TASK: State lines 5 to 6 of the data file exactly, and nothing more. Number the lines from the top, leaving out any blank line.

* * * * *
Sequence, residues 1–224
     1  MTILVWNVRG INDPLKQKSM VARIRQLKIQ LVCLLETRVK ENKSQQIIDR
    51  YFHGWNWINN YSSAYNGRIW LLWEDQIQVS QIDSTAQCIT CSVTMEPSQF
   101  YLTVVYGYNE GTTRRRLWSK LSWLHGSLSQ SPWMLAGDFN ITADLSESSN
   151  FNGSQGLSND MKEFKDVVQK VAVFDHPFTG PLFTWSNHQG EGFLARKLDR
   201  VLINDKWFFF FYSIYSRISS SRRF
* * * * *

   151  FNGSQGLSND MKEFKDVVQK VAVFDHPFTG PLFTWSNHQG EGFLARKLDR
   201  VLINDKWFFF FYSIYSRISS SRRF